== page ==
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Deepening Political and Economic Crisis in Venezuela: Implications for U.S.

Interests and the Western Hemisphere

Testimony
to the

United States Senate
Committee on Foreign Relations

Russ Dallen
Editor-in-Chief
Latin American Herald Tribune

March 17, 2015

Thank you, Chairman Corker, Ranking Member Menendez, my Florida Senator and
Subcommittee Chair Rubio, and my fellow Truman Scholar Senator Coons for inviting my
Testimony before you today. It is an honor.

Let me begin on a personal note. I spend my days and nights working with Latin America -- by
day working on sustainable private sector financing for countries and companies across Latin
America at an investment bank and by night overseeing a staff of some of the best reporters and
journalists around the hemisphere at a newspaper. Both are based in Caracas, Venezuela.

I began working with Latin America at the United Nations Association of the U.S.A. under
Assistant Secretary of State Toby Gati and United Nations Ambassador William vanden Heuvel
after special graduate study under National Security Adviser Zbigniew Brzezinski &
international lawyer Louis Henkin at Columbia and Sir Ian Brownlie at Oxford -- and a stint
working with this very Senate Foreign Relations Committee as a Harold W. Rosenthal Fellow --
so it is with great pride that I return to testify before you. (Harold Rosenthal, a senior aide to this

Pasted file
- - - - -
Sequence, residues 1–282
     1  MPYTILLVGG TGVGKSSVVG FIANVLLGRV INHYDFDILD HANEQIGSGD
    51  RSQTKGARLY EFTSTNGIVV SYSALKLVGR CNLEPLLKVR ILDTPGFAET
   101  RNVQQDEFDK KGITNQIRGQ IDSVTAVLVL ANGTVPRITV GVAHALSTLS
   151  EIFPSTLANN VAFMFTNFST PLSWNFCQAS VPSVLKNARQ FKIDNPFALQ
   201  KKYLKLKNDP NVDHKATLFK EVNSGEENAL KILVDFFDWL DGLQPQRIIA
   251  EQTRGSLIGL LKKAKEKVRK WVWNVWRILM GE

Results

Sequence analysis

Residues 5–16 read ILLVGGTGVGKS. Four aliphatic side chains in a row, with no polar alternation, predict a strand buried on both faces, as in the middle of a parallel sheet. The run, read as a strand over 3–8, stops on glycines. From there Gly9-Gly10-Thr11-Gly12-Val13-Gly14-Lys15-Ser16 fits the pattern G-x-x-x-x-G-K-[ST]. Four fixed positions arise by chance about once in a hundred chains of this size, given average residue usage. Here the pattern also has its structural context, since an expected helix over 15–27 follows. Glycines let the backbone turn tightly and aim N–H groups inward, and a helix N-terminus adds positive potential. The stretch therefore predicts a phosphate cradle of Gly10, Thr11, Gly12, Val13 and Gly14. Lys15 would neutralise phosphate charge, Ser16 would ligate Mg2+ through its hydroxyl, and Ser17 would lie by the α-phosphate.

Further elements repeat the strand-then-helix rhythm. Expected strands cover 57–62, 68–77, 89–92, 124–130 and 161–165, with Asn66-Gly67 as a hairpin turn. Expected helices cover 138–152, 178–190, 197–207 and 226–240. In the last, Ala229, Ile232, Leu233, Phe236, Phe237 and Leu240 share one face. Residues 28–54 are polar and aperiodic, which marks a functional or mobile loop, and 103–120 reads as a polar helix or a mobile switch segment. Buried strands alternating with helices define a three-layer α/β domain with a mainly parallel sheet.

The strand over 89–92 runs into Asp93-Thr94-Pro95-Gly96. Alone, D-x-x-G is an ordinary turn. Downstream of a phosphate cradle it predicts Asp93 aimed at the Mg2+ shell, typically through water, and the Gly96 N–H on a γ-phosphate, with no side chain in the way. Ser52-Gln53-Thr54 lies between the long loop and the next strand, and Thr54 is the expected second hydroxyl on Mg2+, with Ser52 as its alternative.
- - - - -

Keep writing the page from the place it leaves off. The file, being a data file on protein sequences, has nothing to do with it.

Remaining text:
Committee’s Senator Jacob Javits, was killed in a PLO attack in 1976, and the Fellowship that
continues to this day was created in his memory).

In 2000, I moved to Venezuela to run the Latin American operations of U.S. investment bank
Oppenheimer and three years later bought a newspaper company there -- The Daily Journal, a
newspaper founded in 1945 which also launched Diario de Caracas and Tal Cual. In those
roles, I have had the satisfaction of helping to finance development not just in Venezuela but all
across Latin America as well as overseeing the training of a host of the region’s best journalists.
Those positions have also given me a well-placed mid-field seat in the battle for Latin America’s

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heart and soul -- a battle I am sad to report that the forces of freedom and democracy have been
losing.

My friends and colleagues Chris Sabatini, Douglas Farah and Santiago Canton will testify to the
broader deleterious effects of the Chavez and Maduro administrations. I will focus on a few
related issues as to how Venezuela got into this situation and why it will have a hard time
getting out of it and what the U.S. can do to assist.

ELECTORAL FRAUD

While U.S. leadership has been occupied by a multitude of other non-Latin America issues, the
Castro brothers have been focused on winning Latin America.

As the U.S. test of democracy became the presence of elections, the Castros realized that voting
also had a weakness: because the ballot is secret, no one knows how you voted and you don’t
know how your neighbor voted.
So, to ensure that Chavez stayed in power, his government embarked on a 2 prong strategy of
significantly adding millions of names to the voting rolls and paying lots of new pollsters
(including some run by Government ministers, best exemplified by Jesse Chacon, who